The recalcitrant

by Stella Jones


“Harvey, why are you so lazy and uncommunicative?”

There was no answer eight-year-old Harvey could give without risking further reproof. 

“Why can’t you help? Look at your sister, she’s half your age and carrying three bags.”

Harvey shifted his eyes. He would prefer not to look at his sister, especially this morning. His hand slid inside the pocket of his shorts and checked the contents. Satisfied,  he pushed his sister out of the way, grabbed his body board and noisily bumped it down as many steps as he could before reaching the sand.

“I said carry it not break it. For goodness sake Harvey, it’s only nine o’clock and I’ve had enough of you already.”

Harvey shrugged and headed for the cover of the jetty kicking his board into position against a wooden pillar.  Behind him tumbled Belle with her three bags followed by Mum dragging the pram slowly across the sand. 

Harvey could hear Charlie wailing from where he stood, when was that baby ever going to stop crying? The sand was already hot and another little family sheltered under the jetty in front of them.

“Well aren’t you a good girl?” they said to Belle as she placed the bags carefully on the cooler sand in the shade and started to unfold the beach mat balanced on the larger bag.

“Your Mummy must be so pleased with all your help.” A young woman jumped up and helped Ginny pull the pram down the rest of the beach.

“Harvey, Harvey, wait for me, let’s play.”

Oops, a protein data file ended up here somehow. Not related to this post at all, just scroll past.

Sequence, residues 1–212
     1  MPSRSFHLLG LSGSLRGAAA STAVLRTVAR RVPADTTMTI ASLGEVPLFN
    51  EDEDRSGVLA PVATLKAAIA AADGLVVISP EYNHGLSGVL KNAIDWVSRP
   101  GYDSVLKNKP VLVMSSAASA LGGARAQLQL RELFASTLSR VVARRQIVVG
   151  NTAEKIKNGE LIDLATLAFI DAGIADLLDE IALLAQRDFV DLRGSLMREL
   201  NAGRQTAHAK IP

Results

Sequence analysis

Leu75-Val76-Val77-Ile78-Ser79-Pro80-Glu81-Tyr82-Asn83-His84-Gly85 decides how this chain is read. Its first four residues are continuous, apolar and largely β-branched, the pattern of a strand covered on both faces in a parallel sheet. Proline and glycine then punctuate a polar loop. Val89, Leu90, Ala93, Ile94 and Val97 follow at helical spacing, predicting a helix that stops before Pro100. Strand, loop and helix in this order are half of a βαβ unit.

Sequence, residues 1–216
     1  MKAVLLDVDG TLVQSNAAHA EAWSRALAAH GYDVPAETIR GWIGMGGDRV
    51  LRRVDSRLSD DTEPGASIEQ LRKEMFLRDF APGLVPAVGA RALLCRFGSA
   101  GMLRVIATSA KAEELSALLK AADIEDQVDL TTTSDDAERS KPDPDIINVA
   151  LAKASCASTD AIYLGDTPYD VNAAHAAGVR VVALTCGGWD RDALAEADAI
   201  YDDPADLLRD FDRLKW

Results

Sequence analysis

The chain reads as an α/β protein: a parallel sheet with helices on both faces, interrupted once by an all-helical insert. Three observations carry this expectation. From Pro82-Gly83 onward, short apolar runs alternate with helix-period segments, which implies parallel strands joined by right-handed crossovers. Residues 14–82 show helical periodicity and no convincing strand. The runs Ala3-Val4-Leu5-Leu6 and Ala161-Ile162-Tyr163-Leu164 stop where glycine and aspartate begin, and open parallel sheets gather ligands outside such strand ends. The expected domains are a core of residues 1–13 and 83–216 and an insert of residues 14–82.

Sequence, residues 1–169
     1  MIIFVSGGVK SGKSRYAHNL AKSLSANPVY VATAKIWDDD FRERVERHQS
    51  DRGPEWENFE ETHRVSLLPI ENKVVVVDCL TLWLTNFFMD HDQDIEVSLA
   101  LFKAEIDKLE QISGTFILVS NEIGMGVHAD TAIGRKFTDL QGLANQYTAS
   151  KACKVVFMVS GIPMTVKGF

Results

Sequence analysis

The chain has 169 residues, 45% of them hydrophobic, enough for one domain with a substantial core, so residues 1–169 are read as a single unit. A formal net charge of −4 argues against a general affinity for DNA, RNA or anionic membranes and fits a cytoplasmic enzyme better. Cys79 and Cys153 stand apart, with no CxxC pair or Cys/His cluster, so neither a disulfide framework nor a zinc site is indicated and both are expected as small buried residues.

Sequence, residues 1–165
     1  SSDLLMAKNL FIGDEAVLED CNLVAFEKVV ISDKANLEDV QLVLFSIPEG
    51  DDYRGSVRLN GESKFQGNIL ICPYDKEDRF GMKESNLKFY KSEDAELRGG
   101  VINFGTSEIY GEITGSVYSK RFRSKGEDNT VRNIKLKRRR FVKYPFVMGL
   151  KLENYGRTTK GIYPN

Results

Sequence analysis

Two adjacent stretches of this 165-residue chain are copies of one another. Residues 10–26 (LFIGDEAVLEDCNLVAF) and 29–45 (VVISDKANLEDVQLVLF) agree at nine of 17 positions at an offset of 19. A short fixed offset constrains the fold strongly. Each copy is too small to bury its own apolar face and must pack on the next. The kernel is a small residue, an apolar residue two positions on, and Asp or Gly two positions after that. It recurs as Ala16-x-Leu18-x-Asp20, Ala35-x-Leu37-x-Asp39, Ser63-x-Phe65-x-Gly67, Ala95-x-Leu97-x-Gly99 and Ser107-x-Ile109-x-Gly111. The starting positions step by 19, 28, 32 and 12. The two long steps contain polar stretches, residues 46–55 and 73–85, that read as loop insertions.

Harvey ignored his sister and ran off as fast as he could towards the water’s edge. 

“Harvey, have you put sunblock on?”

“Yes,” he lied and ran further along the edge trying to get out of earshot. He would make a point of getting sunburnt today, that would serve Mum right. She might even feel sorry for him.

“New baby?” said the young woman to Ginny. “Little boy?”
Ginny nodded.
“Is he good?”
“I wish. Very colicky, not much sleep for the last few weeks.”
 “You poor thing, exhausting, isn’t it?”

Ginny settled Belle down with her bucket and spade and lifted Charlie from the pram. Another feed. She looked across the beach for Harvey. He stood staring out to sea, shoulders hunched and kicking at the wet sand. She sighed. All she seemed to do these days was shout at Harvey, why was he being so difficult? And there was another issue brewing. She shook her head. Belle played happily in the sand beside her. Chalk and cheese these two. How would Charlie be? 

Harvey turned his back to the jetty and pushed the ten dollar note further into his pocket. He felt another ‘Power Ranger’ coming on, or maybe a ‘Transformer’. He sniffed  and looked at the horizon. Or even a Yu/gi/oh! pack.   Could be lucky and get a rare card this time. He wiggled his fingers in his pocket.

Under the jetty the feed went well and Ginny laid Charlie down gently in the pram, it was cool under the boards and maybe he would sleep for a while. Ginny yawned and wished she could close her eyes too. She looked again towards her oldest child still standing on the shoreline, unmistakably boy.

“Excuse me,” she said to the young woman in front of her. “Would you mind keeping an eye on these two for a few minutes?” She stood up and walked slowly towards her son.

She reached him and put her arm on his shoulder. “Enjoying the water?”

Harvey pushed her arm away and stared at his feet.  Ginny was not sure how to broach the subject.  It wasn’t going to be easy. She looked out to sea for inspiration. As she did so two grey fins glistened in the sunlight.

“Harvey, look! Dolphins!”

Harvey straightened his shoulders and followed the direction of her fingers. Sure enough, two dolphins leaped out of the water only a few metres away from where they were standing.